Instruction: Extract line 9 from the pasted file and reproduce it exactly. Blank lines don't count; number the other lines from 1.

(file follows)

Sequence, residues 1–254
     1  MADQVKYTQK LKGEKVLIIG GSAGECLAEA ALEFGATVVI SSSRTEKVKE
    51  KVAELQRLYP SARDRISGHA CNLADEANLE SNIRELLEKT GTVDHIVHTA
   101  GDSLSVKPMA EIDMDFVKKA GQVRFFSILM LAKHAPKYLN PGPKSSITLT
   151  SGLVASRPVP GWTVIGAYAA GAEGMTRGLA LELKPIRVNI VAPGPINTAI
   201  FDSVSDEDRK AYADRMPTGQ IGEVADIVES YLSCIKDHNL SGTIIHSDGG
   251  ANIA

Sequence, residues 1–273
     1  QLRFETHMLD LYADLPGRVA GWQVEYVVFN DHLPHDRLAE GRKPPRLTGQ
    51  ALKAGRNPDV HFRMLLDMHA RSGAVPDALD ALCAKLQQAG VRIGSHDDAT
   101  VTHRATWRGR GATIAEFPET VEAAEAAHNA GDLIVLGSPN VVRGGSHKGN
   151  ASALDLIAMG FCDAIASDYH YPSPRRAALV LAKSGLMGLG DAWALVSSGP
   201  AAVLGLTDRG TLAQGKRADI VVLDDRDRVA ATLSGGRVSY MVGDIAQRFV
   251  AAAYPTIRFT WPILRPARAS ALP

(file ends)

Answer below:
     1  QLRFETHMLD LYADLPGRVA GWQVEYVVFN DHLPHDRLAE GRKPPRLTGQ